There was no proteinuria and other parameters on urinalysis were essentially normal. She however had cyst of E. histolytica and growth of E. coli in her stool; she also had E. coli isolated in her urine. The bacteria isolate in both her stool and urine was sensitive to only Nitrofurantoin, while her mother’s stool and urine had no organism. The patient had hypoproteinaemia (35.2g/L) and hypoalbuminaemia (21.3g/L) as well as hypokalemia (2.97mmol/L); other values on her liver function and renal function tests were normal. Her Full Blood Count (FBC) results revealed packed red cell volume of 30%, leukocytosis with significant neutrophilia, she also had trophozoites of Plasmodium falciparum on blood film. Her haemoglobin genotype was AA. Serum pregnancy test and serology tests for Hepatitis B, C and Human Immunodeficiency Virus (HIV) were all negative. Abdominal scan showed ascites with normal intra-abdominal organs.
She was treated with Nitrofurantoin, Tinidazole and Ciprofloxacin, given amino acid supplements, oral potassium and was commenced on high protein diet. She was also treated for malaria and counseled on food and perianal hygiene. The generalized oedema significantly resolved within a week on admission and she was discharged home on the 8th day. On follow up visit at the clinic a week after discharge, she had no evidence of oedema, serum protein (42.1g/L) and albumin (26.2g/L) had significantly improved. The serum potassium was 3.37mmol/l. She also resumed menstruation within a month of commencing treatment. A repeat stool m/c/s showed a well-formed stool, no blood or pus was seen and there were no ova or cyst of parasite seen. There was no significant growth of organism in the stool.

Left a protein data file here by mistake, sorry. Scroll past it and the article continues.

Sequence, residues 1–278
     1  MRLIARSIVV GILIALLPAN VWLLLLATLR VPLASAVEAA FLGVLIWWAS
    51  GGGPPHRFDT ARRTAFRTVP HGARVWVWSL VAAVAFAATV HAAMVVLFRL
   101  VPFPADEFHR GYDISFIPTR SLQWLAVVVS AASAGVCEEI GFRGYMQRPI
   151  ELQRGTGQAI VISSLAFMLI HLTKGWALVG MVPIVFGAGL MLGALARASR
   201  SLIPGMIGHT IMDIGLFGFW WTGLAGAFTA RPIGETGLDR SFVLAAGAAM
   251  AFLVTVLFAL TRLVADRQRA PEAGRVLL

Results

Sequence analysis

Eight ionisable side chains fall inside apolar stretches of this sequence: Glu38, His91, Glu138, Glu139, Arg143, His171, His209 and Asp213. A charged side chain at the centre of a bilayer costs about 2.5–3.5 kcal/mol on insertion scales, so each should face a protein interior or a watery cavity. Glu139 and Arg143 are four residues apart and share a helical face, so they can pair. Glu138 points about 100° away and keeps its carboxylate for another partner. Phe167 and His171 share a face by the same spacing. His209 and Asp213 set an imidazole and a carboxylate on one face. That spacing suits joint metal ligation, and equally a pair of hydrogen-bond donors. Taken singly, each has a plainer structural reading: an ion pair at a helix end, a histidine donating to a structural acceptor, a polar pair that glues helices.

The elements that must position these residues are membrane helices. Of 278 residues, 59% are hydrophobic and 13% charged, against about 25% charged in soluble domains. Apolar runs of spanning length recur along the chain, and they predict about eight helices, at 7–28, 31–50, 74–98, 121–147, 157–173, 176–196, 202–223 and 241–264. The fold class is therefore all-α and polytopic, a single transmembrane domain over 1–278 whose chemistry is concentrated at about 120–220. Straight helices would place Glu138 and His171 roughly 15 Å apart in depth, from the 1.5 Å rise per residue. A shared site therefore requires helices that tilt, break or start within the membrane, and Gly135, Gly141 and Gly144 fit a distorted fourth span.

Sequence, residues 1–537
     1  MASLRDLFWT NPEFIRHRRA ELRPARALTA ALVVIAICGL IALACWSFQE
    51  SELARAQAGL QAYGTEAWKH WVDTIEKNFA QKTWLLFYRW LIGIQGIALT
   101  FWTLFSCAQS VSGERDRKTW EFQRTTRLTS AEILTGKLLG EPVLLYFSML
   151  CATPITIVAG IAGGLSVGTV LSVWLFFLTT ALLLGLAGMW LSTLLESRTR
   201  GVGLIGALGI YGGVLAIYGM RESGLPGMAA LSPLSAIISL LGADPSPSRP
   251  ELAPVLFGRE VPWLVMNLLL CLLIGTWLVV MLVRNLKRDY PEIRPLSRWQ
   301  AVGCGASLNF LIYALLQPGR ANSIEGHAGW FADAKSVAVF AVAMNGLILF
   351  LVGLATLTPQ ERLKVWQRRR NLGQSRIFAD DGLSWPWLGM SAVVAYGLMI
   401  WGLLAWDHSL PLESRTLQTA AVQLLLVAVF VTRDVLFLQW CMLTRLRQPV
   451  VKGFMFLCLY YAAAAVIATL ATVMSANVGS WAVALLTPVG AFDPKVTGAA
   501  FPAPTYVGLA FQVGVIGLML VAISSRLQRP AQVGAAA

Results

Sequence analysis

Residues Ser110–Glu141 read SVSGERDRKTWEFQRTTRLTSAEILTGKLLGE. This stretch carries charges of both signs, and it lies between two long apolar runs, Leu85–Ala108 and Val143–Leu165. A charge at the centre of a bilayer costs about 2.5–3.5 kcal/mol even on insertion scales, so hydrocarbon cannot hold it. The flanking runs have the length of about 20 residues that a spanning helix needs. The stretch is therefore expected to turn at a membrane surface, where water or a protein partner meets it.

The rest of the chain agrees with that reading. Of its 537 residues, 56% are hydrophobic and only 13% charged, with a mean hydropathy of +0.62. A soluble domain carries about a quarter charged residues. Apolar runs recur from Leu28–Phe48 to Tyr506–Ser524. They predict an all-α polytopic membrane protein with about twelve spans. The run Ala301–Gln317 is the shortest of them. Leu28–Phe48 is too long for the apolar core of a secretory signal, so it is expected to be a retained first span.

Anasarca commonly results from increased capillary pressure
or permeability, reduced plasma oncotic pressure . Oedema
associated with reduced oncotic pressure is often caused
by hypoproteinaemia . Nephrotic syndrome is a common
differential of anasarca characterized by massive proteinuria
and hypoproteinaemia [8,9]. In this case report, the absence
of proteinuria excluded the diagnosis of nephrotic syndrome
despite anasarca and hypoproteinaemia. Howbeit, this case
report highlights that the absence of other manifestations of
hypoproteinaemia such as low BMI or frail hair , especially in
the absence of proteinuria do not exclude hypoproteinaemia.